We have shown that the inflammation-attenuating effects of CO2 pneumoperitoneum during laparoscopy are not due to changes in systemic pH. However, acidification of peritoneal macrophages in an in vitro CO2 environment has been shown to reduce LPS-mediated cytokine release. We tested the hypothesis that the peritoneum is locally acidotic during abdominal insufflation with CO2 - even when systemic pH is corrected. Rats (n = 20) were anesthetized and randomized into two groups: continued spontaneous ventilation (SV) or intubation and mechanical ventilation (MV). All animals were then subjected to abdominal insufflation with CO2. Mean arterial pH among SV rats decreased significantly from baseline after 15 and 30 minutes of CO2 pneumoperitoneum (7.329 → 7.210 → 7.191, P < 0.05), while arterial pH among MV rats remained relatively constant (7.388 → 7.245 → 7.316, P = NS). In contrast, peritoneal pH dropped significantly from baseline and remained low for both groups during CO2 abdominal insufflation (SV 6.74 → 6.41 → 6.40, P < 0.05; MV 6.94 → 6.45 → 6.45, P < 0.05). In a second experiment, rats (n = 10) were randomized to receive abdominal insufflation with either CO2 or helium. Abdominal insufflation with helium did not significantly affect peritoneal pH (7.10 → 7.02 → 6.95, P = NS), and the decrease in pH among CO 2-insufflated animals was significant compared with helium-insufflated animals (P < 0.05). Peritoneal pH returned to baseline levels in all groups within 15 minutes of desufflation in both experiments. A significant local peritoneal acidosis occurs during laparoscopy which is specifically attributable to the use of CO2 and which is independent of systemic pH. These data provide additional evidence that localized peritoneal acidosis is central to the mechanism of CO2-mediated attenuation of the inflammatory response following laparoscopic surgery.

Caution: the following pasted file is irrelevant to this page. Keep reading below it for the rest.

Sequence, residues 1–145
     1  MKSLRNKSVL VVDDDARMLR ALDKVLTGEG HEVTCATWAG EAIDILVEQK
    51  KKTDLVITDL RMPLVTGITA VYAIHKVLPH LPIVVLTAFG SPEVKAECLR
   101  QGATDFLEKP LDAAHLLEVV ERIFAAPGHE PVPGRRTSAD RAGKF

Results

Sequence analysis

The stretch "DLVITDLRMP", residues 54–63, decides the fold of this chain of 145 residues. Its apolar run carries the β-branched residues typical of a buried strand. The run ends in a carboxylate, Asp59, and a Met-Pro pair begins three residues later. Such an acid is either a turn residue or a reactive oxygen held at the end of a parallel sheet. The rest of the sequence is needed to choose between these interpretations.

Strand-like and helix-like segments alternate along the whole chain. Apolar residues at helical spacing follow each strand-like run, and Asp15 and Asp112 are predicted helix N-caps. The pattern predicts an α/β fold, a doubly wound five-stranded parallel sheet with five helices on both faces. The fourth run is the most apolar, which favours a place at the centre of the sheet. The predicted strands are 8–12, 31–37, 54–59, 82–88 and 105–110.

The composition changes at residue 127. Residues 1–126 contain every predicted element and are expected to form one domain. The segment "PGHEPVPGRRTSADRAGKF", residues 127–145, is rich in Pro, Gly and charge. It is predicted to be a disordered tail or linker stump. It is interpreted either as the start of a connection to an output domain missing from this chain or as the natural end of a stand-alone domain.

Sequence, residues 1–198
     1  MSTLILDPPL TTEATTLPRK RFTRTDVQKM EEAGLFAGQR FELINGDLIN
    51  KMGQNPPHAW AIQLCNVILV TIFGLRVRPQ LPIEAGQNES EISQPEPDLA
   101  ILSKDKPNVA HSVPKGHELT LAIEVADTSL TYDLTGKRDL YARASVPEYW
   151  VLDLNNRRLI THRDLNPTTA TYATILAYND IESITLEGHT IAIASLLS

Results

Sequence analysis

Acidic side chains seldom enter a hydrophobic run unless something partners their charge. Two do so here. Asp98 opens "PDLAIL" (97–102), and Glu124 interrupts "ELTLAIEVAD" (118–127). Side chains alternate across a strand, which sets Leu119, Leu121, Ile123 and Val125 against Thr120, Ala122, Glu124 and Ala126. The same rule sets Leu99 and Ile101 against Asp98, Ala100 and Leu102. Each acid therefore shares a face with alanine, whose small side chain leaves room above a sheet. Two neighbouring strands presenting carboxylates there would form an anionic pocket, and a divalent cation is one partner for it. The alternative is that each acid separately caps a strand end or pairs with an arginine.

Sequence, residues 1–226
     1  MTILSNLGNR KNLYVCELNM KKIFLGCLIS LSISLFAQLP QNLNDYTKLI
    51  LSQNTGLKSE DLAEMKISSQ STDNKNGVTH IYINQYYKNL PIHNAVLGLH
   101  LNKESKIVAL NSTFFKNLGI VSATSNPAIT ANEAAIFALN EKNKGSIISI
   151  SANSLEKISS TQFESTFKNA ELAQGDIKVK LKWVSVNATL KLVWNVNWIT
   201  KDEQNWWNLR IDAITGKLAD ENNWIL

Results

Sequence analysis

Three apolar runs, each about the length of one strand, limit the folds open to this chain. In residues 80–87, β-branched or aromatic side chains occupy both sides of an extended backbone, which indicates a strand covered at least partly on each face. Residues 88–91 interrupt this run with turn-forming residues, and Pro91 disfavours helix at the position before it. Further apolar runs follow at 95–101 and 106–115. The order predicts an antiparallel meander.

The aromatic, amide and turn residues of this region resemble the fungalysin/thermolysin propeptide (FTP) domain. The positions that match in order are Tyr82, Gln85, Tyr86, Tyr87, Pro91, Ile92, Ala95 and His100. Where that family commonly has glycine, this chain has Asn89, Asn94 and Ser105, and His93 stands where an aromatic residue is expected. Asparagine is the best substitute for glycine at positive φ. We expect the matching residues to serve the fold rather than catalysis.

- Carbon dioxide
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